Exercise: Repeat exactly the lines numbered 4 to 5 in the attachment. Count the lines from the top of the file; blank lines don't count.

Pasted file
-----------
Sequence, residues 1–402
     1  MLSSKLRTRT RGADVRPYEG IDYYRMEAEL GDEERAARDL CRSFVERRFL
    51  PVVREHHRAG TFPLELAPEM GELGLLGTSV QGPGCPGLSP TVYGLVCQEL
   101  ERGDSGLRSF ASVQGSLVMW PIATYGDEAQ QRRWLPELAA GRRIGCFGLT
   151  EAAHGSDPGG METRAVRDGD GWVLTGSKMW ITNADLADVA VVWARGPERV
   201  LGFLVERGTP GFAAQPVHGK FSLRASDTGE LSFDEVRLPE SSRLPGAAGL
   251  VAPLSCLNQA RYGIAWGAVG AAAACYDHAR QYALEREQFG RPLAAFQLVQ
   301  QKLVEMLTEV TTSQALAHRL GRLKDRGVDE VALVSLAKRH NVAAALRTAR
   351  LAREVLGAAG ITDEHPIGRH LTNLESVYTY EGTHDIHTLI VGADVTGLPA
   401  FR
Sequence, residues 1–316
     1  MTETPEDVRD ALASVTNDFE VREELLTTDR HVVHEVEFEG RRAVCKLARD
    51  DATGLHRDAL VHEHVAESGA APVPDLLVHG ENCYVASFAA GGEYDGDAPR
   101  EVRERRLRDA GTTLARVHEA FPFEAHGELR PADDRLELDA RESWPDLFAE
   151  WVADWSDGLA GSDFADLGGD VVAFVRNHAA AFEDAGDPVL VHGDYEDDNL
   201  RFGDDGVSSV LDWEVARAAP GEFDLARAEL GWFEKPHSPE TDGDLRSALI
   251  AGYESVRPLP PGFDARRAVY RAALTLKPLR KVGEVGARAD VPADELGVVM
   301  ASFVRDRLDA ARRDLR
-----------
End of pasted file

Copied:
   101  ERGDSGLRSF ASVQGSLVMW PIATYGDEAQ QRRWLPELAA GRRIGCFGLT
   151  EAAHGSDPGG METRAVRDGD GWVLTGSKMW ITNADLADVA VVWARGPERV